Knowledge from Olle Garden Bed: Don't Let These 10 Gardening Mistakes Ruin Your Garden

By planning your garden and doing a little research before you start, you can avoid common mistakes. Here are some planning tips to create the perfect vegetable garden that will keep your costs low and delight your taste buds. Gardening can be a fun and healthy hobby for the entire family, but it's important to avoid these common mistakes in order to make the most of your garden. Learning from your own experiences is one thing, but taking notes from experts is another! A great way to avoid making a mistake you may need to learn from again is to find out what NOT to do before you set off on your garden adventure. The following content also has some reference value for raised garden beds.

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Mistake # 1: Setting your gardening goals too high

A bigger garden isn't always better, at least if you're a beginner, points out Megan Gilger, the gardening blogger behind the Fresh Exchange. "It's easy to make your eyes get bigger when you're hanging out at a plant store or looking for ideas online," says Gilger. "Instead, use these ideas to spur bigger plans. It takes time to successfully grow a great garden. Gilger advises gardeners who are creating a garden from scratch to start small, but think big. A garden is a long-term investment, and you should be thinking three to five years from now.

Mistake # 2: Not interbreeding

Let all your headphones play together. "Get rid of the idea that you can only grow one [plant] on your bed," Gilg says. Intercropping or intercropping is a horticultural practice that encourages pairing of companion plants, as well as bundling taller and shorter plants. Mixing and matching also reduces weeds and leads to beneficial pollinators, she explains. Bonus: Interbreeding is also said to reduce pests and diseases.

Mistake # 3: Plants are overcrowded

While mixing plants together is A-OK, you still have to pay attention to spacing, notes Michael Giannelli of East Hampton Gardens, A garden and home store in East Hampton, New York. "[People] want that instant garden full of colour - that's a big mistake," he says. "Plants need space to grow and spread naturally. Follow planting recommendations, which usually recommend keeping plants 2 to 3 feet apart. You can cheat by bypassing the suggestion by a few inches, but don't place the plants side by side like sardines.

Mistake # 4: Planting too many varieties

It's tempting to grow everything from acorns to zucchini, but focus on growing vegetables, herbs and flowers to bring joy to your plate. "It may seem simple, but you're most passionate about growing vegetables, herbs and flowers that you've found yourself snagging at the grocery store or farmer's market," Gilg says. If you think fennel tastes good, there's no need to freak out.

Mistake # 5: Missing out on the fruits of your labor

A schedule for entering the garden. "Now you have an abundance of cherry tomatoes and green beans, and you have to eat them," Hermanson said. "Don't leave preparing to harvest items on the vines. It's like leaving an ice lolly on your lawn and being surprised to find it's covered in ants!

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Mistake # 6: Misunderstanding plant growth

Understanding plant growth will be key to ensuring maximum success in the garden. Arianna Iappini, a gardening instructor at Birch Gardens in Salisbury, Mass., understands that "it may be hard for a beginner gardener to imagine that a 5-inch tomato seedling will eventually reach a height of 8 feet. Knowing plant height at maturity is crucial to nurturing all the plants in your garden. She points out that as the plant grows, it gives shade to the surrounding plants, which can affect the overall environment. More importantly, you need adequate support structures for tall, vines, and climbing plants.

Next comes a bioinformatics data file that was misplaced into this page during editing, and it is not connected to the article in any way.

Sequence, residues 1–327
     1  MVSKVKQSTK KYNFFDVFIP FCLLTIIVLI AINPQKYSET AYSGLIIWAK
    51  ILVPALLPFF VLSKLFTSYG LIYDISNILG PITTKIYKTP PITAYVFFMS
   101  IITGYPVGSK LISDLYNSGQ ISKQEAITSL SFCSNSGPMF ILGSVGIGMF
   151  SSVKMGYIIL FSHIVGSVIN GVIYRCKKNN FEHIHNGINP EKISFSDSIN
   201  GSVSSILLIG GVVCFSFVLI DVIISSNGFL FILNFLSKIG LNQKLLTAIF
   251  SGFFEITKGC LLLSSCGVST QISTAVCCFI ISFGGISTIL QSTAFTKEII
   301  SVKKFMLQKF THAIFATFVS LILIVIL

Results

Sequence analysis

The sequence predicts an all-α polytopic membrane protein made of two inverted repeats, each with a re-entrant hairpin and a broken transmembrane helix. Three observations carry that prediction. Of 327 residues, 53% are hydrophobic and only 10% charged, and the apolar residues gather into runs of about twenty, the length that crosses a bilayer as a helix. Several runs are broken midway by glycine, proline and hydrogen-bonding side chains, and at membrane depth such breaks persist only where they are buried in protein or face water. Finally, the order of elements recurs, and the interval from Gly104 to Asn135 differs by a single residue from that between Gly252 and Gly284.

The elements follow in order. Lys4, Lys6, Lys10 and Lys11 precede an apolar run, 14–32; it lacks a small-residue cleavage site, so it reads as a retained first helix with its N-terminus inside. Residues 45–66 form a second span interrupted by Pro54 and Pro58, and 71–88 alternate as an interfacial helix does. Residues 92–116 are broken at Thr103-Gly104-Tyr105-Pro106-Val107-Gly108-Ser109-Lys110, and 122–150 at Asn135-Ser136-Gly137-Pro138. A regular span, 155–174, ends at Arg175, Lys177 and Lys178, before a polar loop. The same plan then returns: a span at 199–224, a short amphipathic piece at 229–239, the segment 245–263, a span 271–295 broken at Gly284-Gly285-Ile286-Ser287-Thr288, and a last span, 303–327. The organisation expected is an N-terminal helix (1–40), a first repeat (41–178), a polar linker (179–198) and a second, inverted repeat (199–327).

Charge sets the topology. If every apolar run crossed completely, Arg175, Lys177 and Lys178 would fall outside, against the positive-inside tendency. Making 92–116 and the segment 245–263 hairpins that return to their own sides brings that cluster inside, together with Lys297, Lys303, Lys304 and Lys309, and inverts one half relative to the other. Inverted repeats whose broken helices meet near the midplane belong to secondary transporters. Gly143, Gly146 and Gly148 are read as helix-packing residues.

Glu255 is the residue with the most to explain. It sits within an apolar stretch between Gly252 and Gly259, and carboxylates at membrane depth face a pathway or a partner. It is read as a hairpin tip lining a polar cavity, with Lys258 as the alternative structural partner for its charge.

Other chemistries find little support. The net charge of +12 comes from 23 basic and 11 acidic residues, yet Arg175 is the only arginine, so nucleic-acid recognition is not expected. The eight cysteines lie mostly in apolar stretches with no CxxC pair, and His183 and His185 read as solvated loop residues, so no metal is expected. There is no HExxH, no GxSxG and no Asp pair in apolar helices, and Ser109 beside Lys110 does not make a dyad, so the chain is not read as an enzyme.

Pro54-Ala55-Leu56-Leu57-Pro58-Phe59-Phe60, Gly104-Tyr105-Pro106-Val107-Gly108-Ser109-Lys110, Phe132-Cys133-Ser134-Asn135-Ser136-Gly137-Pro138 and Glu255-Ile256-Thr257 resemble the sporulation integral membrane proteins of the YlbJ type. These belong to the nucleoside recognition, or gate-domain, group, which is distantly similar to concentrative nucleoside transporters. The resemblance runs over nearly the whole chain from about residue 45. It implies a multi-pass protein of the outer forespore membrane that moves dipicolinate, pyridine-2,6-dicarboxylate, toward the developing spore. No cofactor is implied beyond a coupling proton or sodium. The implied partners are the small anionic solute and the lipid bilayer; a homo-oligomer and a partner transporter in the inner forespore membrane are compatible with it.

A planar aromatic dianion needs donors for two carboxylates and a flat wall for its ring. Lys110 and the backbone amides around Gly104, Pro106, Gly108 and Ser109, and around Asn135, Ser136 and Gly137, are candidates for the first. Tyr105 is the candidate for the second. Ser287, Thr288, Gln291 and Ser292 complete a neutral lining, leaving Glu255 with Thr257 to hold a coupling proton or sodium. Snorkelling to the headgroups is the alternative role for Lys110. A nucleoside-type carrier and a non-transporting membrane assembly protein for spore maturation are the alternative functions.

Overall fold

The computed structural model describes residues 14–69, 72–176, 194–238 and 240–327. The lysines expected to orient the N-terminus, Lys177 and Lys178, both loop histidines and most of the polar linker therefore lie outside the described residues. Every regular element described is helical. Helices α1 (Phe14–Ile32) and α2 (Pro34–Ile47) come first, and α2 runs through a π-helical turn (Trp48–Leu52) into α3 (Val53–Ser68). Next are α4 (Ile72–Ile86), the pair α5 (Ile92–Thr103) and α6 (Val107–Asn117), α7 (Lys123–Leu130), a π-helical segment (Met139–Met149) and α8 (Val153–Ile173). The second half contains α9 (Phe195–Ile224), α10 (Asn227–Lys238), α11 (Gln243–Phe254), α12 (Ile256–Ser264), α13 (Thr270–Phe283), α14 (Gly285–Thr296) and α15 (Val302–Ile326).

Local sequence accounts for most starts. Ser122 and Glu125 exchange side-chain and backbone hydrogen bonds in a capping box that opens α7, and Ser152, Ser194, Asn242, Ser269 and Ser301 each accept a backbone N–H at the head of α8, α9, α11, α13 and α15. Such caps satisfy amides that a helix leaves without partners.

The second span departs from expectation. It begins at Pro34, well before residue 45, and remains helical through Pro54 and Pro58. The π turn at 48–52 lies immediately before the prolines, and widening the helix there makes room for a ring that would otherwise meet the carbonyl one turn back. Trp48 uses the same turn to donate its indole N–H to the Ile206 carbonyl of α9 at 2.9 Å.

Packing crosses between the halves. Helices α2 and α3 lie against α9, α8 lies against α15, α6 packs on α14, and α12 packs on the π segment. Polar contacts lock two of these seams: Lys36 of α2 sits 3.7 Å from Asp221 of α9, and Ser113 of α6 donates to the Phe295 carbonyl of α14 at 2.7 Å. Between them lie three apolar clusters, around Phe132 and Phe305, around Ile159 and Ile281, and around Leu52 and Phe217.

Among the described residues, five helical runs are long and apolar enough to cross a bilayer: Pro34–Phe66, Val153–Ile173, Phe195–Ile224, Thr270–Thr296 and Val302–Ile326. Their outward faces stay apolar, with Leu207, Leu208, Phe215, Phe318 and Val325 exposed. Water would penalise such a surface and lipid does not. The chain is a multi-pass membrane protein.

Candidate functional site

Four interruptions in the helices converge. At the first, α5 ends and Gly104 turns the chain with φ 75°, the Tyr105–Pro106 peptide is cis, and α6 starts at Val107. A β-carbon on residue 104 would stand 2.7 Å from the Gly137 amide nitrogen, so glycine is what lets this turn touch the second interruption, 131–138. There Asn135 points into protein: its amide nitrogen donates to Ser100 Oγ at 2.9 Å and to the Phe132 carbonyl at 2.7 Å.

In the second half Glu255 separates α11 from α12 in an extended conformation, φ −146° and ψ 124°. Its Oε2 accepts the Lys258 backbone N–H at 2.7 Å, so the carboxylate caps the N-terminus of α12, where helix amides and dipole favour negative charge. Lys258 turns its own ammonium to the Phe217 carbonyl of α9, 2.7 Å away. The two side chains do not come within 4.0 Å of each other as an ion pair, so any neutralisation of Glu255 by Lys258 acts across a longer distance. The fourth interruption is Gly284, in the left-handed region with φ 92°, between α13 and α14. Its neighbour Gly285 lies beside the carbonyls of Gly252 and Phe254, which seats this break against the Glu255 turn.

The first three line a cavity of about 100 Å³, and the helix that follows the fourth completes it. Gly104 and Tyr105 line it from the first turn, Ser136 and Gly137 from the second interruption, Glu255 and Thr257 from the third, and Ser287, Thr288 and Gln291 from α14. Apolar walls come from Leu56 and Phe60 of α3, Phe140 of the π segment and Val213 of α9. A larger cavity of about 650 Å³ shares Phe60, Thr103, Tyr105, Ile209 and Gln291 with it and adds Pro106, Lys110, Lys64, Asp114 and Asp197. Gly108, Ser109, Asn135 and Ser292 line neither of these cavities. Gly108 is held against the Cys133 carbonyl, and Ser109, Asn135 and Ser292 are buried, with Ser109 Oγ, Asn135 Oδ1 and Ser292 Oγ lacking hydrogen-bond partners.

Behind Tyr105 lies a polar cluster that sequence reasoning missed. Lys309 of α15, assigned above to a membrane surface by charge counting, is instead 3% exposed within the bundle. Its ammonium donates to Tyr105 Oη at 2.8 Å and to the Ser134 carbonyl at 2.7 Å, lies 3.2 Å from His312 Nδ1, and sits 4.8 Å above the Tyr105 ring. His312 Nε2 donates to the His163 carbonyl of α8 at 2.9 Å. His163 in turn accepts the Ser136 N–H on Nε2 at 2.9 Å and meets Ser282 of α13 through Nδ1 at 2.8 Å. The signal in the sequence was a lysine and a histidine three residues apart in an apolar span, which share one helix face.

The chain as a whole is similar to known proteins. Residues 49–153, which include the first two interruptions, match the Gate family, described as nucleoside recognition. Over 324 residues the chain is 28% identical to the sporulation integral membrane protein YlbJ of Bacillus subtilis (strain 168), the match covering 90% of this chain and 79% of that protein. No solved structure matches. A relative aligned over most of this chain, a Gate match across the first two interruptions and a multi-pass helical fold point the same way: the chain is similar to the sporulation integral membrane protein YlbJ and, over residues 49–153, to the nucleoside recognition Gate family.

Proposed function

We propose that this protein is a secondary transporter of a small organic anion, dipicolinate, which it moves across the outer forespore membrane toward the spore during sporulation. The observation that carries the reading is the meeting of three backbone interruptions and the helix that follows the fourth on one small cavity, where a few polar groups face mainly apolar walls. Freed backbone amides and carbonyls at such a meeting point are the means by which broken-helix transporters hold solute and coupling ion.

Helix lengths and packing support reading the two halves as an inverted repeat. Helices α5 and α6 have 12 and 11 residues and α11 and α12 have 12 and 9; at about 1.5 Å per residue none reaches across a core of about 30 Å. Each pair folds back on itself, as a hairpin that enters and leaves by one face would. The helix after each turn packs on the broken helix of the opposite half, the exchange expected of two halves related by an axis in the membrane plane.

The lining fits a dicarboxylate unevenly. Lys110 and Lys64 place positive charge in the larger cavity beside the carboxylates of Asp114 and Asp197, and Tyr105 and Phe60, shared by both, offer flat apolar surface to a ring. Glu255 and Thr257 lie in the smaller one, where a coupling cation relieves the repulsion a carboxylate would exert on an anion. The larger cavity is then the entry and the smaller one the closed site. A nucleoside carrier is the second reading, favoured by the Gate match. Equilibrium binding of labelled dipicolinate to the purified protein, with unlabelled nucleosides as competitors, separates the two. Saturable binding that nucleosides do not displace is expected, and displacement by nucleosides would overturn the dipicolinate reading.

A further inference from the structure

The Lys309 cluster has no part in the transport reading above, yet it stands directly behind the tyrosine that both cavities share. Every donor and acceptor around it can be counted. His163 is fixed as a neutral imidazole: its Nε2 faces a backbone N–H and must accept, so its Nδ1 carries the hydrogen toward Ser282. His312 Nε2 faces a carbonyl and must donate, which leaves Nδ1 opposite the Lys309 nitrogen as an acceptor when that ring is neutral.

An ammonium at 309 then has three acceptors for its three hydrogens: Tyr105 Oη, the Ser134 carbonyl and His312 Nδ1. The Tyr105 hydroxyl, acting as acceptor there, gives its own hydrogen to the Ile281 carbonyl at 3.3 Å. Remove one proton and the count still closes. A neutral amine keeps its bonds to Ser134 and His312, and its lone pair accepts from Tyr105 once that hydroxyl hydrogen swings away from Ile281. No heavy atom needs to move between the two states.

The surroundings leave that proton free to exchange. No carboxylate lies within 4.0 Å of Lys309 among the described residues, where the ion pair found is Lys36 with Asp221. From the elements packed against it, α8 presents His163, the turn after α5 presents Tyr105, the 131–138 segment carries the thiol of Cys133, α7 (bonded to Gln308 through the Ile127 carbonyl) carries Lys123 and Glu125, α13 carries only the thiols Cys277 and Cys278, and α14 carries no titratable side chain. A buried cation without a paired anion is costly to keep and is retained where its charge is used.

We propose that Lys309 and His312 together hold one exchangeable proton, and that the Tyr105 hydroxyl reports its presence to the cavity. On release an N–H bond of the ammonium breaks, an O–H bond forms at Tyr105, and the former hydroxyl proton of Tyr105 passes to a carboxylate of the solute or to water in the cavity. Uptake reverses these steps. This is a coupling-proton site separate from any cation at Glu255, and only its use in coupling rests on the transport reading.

Mistake # 7: Not watering properly

"Don't water like a coward," said Jessica Walliser, a horticulturist and co-owner of Savvy Gardening, an online resource. Go all out and water the seedlings properly. "A deep, thorough watering once a week is better than a splash every day," Walliser adds. "After watering, the soil should be a few inches wet. If not, then you are not applying enough water at any given time. At the same time, giving plants too much water can be harmful - overwatering can lead to rotting roots and yellow leaves, Giannelli said. "An irrigation system that's usually done every other day may be great for the lawn, but it's not good for everything else," he shared.

Mistake # 8: Planting seeds once a season

Optimize the productivity of your garden. "Once the first crop is harvested, modify the soil and replant for the late summer and fall harvest," advises Niki Jabbour, co-owner of Savvy Gardening. "Good choices to help with home-grown vegetables the second time around include carrots, beets, peas, lettuce, spinach, cabbage and green Onions."

Mistake # 9: Not taking notes

A garden diary documenting trial and error is key to ensuring future improvements. Make a note of the dud crops (and how they died!). , pest problems and other side notes, such as the time of day when the sun is at its strongest. "You think you'll remember, but you don't," Hermanson said. "Notes from last season bring back memories and spark good ideas so you can grow from each season's success.

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Mistake # 10: Fear of failure

Even the most experienced gardeners face challenges and kill plants from time to time," says Iappini. "Real growth comes from cultivating the courses offered each season. Don't let the assumption that you have a black thumb stop you from trying your hand at gardening. Remember: practice makes progress. That's why the reward is even sweeter when you reap your first bounty.